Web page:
As noted above, both the cubic boron nitride layer 12 and the carbon layer 14 are deposited, in order, on a suitable silicon substrate using laser ablation techniques. Suitable silicon substrates include single crystal silicon materials, especially those suited for semiconductor applications. Especially preferred are semiconductor-grade silicon substrates with (100), (110), or (111) surfaces. Most preferred are semiconductor-grade silicon substrates with a (100) principal surface. The actual shape of the silicon substrate is not critical. Generally, however, silicon wafers are especially adapted for fabrication of electronic devices and are, therefore, preferred. The principal silicon substrate surface on which the first interfacial layer is to be deposited should be cleaned prior to the deposition process to remove any oxide layer or other contaminants that might be present. Conventional cleaning techniques (e.g., hydrogen fluoride etching) can be used. One especially preferred cleaning technique is plasma etching directly in the laser ablation reacting chamber suing atomic hydrogen to remove any residual surface oxide layer. Such a cleaning technique employs the same atomic hydrogen injectors (38 in FIG. 3) as used during the deposition of the second interfacial layer. By cleaning the silicon surface directly within the laser ablation reaction chamber (20 in FIG. 3), the possibility of contamination during transfer to the laser ablation apparatus is eliminated.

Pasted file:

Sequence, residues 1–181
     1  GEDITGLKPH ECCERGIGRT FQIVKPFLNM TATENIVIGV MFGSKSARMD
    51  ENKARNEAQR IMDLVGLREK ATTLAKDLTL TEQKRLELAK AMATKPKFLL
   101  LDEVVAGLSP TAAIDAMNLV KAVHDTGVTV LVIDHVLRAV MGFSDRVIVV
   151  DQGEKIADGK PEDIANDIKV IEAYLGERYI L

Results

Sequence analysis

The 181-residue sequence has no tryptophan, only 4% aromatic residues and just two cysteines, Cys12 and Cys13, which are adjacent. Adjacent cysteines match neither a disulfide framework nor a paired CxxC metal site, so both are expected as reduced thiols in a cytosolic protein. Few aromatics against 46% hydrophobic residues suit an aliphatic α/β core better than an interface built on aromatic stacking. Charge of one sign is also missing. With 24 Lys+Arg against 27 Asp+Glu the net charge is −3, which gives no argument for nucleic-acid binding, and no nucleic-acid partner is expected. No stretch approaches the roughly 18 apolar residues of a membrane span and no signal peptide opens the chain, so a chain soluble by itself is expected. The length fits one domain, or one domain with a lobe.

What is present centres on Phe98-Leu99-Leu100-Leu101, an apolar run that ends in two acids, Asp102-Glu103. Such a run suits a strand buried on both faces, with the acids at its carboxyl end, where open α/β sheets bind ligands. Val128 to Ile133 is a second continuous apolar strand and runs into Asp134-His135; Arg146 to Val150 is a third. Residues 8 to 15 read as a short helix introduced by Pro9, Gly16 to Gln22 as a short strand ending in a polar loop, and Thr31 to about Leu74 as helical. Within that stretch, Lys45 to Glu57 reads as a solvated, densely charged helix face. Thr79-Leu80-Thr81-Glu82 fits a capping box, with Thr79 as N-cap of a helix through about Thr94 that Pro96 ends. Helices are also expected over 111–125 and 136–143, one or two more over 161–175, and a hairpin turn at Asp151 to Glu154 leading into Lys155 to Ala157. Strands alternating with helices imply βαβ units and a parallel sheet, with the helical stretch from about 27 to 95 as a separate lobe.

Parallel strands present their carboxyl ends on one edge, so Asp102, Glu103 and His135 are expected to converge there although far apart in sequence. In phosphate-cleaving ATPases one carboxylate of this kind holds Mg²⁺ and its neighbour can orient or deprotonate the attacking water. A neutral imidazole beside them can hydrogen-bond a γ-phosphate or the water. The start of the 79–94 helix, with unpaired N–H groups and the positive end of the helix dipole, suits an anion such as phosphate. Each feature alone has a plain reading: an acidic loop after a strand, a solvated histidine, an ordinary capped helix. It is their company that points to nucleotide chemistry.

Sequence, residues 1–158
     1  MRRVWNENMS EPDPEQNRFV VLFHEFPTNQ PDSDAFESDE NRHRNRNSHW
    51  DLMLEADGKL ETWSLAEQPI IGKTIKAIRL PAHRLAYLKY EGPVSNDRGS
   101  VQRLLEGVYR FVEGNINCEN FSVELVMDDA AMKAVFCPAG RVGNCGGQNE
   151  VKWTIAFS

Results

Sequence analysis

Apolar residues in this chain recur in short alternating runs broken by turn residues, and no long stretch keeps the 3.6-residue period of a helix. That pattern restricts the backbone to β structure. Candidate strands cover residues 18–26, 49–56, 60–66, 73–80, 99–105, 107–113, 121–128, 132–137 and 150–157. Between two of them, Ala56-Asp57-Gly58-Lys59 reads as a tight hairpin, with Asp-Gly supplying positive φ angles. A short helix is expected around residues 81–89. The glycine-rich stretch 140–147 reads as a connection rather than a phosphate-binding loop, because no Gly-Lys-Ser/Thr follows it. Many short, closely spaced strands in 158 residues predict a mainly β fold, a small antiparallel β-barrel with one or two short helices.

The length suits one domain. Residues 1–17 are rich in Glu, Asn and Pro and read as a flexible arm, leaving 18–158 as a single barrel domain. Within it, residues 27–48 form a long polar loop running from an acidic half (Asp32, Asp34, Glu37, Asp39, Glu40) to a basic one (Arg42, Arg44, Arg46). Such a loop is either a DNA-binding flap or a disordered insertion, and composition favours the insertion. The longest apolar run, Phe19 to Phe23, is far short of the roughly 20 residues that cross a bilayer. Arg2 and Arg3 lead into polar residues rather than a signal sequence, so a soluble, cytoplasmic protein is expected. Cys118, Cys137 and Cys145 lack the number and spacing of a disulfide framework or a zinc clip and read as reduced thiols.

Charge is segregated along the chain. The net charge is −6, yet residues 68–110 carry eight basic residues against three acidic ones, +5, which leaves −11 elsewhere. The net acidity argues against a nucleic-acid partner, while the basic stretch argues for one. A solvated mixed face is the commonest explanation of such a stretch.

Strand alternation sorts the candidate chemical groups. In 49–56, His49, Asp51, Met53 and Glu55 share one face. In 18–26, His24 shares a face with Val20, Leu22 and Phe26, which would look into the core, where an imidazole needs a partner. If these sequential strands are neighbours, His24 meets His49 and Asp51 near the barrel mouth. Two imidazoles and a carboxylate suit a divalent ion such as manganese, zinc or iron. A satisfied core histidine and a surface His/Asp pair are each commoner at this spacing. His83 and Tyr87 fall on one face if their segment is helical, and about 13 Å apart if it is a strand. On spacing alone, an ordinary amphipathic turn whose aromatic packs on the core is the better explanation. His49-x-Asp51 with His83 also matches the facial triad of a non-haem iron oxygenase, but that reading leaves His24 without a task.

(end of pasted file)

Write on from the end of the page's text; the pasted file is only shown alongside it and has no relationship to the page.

Conventional laser ablation systems can be employed to deposit, in order, the first and second interfacial layers of cubic boron nitride and hydrogen terminated carbon, respectively. On such suitable laser ablation system is described in Doll et al., 191 Mat. Res. Soc. Symp. Proc. 55 (1990), which is hereby incorporated by reference. Doll et al. used a KrF laser operating at 248 nm. Other laser systems and laser ablation systems can be used so long as a suitable cubic boron nitride layer can be deposited on the silicon substrate. A preferred laser ablation system is shown in FIG. 3. This preferred system includes a reaction chamber 20 into which a pulsed excimer laser beam 22 can be introduced through the laser entry port 21. Upon entering the reaction chamber 20, the excimer laser beam 22 (focused with appropriate lenses which are not shown) impinges upon the rotating ablation target 24. The target 24 illustrated in FIG. 2 is shaped like a hockey puck and is orientated such that laser beam 22 impacts its flat surface; other shapes can, of course, be sued if desired. As shown in FIG. 3, this target 24 consists of two halves: one half of the target is hexagonal boron nitride 26 and the other half is carbon 28. The target 24 is connected to a motor or other device (not shown) whereby the target can be rotating. By adjusting the speed of rotation and pulse rate of the excimer laser beam 22, the portion of the target 24 that the beam 22 strikes can be controlled. During deposition of the first interfacial layer, the rotation and pulse rates should be controlled so that only the hexagonal boron nitride portion 256 of the target 24 is struck by the laser beam 22. And during the deposition of the second interfacial layer, the rotation and pulse rates should be controlled so that only the carbon portion 28 of the target 24 is struck by the laser beam 22.